Picture the scene: you’re happily running with your dog along a sunny beach somewhere, when suddenly you hear a yelp! Running over, you see he has cut his paw on a rock. It’s not serious but what should you do next? Is it a good idea to wash his paw off in the sea? Seawater is good for wounds… isn’t it?

Yes and No…

Where does this common belief that the sea is good for wounds actually come from? Since Ancient times, people have used seawater to clean wounds and prevent infection. The theory behind this is that the sea contains a lot of salt. Salt added to a wound will draw out the fluid that easily harbours bacteria, thus reducing the chance of infection. The physical act of washing the wound will also remove gross contamination that could hold bacteria too. In fact, modern medicine uses medical salt water, called saline, for reducing infection risks and increasing healing rates as well.

It is important to remember that seawater is not medical-grade saline – seawater contains a lot of other stuff, especially huge amounts of bacteria. When washing a wound with seawater, you could actually be introducing more bacteria than the wound started with; there are horror stories of people going swimming with open wounds that subsequently become horribly infected for this reason. The risk is especially high if you use seawater from estuaries, near fisheries, sewers, farms, factories or other sources of pollution, or seawater from warmer waters. On top of the risk of bacterial infection from seawater, there is also evidence that the concentration of salt in seawater can actually slow healing by increasing inflammation and drying the skin out too much.

What Should I Do?

So that all may or may not be interesting to you, but the important thing is knowing what you should do if the above situation happens to you. The increased risk of infection by washing a wound with seawater should not be forgotten, so you should mostly avoid its use. Instead, use homemade salt water or even bottled water to clean the wound, before contacting your vet (more on this later).

In a real emergency where your dog’s wound is heavily contaminated with mud, sand or grit, and you have no other source of water, seawater can be used to wash off this contamination – however, please inform your vet you did this. As mentioned above, if seawater is your only option, be extra mindful to avoid using water from contaminated areas. Furthermore, if your dog is old, young, ill or otherwise immunocompromised, be extra hesitant, as they will be less able to fight off any infection introduced from seawater.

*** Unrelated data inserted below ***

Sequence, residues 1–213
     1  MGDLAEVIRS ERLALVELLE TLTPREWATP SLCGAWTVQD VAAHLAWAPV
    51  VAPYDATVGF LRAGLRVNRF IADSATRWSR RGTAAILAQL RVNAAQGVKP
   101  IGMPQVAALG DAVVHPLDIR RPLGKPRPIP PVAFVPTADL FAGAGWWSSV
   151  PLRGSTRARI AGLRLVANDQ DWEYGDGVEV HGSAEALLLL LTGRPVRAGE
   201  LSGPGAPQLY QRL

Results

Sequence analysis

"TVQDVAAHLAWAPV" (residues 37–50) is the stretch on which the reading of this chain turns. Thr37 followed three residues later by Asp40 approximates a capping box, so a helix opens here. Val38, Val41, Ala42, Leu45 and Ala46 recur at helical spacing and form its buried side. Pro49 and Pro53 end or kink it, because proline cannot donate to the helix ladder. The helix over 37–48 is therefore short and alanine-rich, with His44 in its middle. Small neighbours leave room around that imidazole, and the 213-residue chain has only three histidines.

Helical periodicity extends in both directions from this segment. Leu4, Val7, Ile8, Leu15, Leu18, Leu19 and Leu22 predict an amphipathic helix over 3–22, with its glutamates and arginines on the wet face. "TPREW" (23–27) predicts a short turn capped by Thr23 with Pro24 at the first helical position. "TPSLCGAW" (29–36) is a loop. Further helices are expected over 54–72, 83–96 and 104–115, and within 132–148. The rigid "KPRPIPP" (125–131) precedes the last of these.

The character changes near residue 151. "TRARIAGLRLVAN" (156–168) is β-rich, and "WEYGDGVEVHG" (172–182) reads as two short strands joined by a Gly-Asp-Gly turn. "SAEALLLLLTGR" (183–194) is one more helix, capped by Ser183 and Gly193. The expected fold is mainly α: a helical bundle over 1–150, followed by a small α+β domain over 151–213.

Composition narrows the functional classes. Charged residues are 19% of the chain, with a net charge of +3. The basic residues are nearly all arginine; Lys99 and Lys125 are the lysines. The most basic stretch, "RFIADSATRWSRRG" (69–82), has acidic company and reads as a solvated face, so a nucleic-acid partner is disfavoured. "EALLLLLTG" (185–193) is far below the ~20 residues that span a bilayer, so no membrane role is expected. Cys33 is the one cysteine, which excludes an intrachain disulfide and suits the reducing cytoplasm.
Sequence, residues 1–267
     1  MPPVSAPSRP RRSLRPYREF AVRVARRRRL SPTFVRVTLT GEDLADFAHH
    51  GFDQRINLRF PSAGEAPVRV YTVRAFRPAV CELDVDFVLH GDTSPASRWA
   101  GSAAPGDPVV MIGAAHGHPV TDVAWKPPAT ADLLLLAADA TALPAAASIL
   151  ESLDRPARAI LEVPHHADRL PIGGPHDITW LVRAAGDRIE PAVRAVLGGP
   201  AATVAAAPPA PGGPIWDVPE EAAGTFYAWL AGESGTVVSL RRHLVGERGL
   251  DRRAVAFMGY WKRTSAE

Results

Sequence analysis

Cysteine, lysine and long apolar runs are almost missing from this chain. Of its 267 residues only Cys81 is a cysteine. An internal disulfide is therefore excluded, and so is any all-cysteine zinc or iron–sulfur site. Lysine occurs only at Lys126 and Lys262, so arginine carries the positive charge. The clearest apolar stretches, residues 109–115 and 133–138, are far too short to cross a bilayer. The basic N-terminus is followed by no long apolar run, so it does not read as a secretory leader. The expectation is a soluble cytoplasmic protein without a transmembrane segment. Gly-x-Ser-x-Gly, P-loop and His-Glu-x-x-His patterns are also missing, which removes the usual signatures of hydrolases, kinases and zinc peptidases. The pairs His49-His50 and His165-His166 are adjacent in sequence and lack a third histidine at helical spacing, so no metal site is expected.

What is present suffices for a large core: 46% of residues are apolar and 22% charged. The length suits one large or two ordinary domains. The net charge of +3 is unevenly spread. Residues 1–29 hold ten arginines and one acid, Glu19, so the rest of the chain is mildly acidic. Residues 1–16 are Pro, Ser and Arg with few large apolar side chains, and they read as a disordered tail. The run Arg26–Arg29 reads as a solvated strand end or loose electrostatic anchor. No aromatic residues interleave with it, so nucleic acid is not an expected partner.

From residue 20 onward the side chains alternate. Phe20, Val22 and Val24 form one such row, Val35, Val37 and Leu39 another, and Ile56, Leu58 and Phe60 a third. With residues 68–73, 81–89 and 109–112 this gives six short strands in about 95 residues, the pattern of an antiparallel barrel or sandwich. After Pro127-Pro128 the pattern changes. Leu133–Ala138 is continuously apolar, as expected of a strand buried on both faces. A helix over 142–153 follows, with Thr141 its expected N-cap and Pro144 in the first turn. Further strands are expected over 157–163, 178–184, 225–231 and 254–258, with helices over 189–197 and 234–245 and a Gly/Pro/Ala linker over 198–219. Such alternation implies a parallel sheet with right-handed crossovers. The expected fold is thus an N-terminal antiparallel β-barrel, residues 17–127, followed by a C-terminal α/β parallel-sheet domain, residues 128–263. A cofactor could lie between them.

Best Practice for Wounds

The following is the best practice you can follow for emergency wound management:

The first step is to assess the wound visually.

Dogs can sometimes be fearful or aggressive when in pain, so approach carefully and be careful touching the wound. If there is bleeding, you will need to stop this with compression; any material can be used, even hands, but clean towels, bandages or clothes are good in a pinch. If the bleeding does not stop, immediately visit a local vets while maintaining compression.

Once the bleeding stops, look at the degree of contamination.

As we mentioned before, if it is quite dirty, you should wash it. Saline is best, and you can make your own to keep in your car for emergencies . Mix distilled, purified or boiled water with 1/100th the weight of salt (for example, 100ml of water with 1g of salt). You can keep this in a sealed bottle for up to a week, so it’s easy to prepare beforehand. If you don’t have saline, bottled water is an alternative. Though avoid tap water or seawater unless absolutely necessary, as we discussed above. Be gentle when washing the wound, so you do not disturb the skin and restart bleeding or push debris further into the wound. If you are unsure, it is better to just wrap the wound until you reach the vet.

After the wound is clean (or not if you decide it is best to leave it), wrap the wound in something clean and supportive. Immediately visit your vet (or any other nearby vet). Phone ahead first, so they can prepare. It is important to note that if you suspect there are any broken bones you should prevent the wound moving as much as possible.

Once at the vets, you can be assured that your dog is in good hands. Vets and nurses will fully clean the wound, remove any debris, assess if any repair is needed, bandage it up, and may offer antibiotics and pain relief too. Healing time varies, but your vet will discuss this all with you.

Closing Thoughts

To answer the question of today, no, seawater is not good for your dog’s wound. You should avoid using it unless a wound is very dirty and there are no other forms of cleaning available. We have also explained what you should do if your dog gets cut at the beach. Hopefully you won’t have to worry about this, but it always pays to be prepared!

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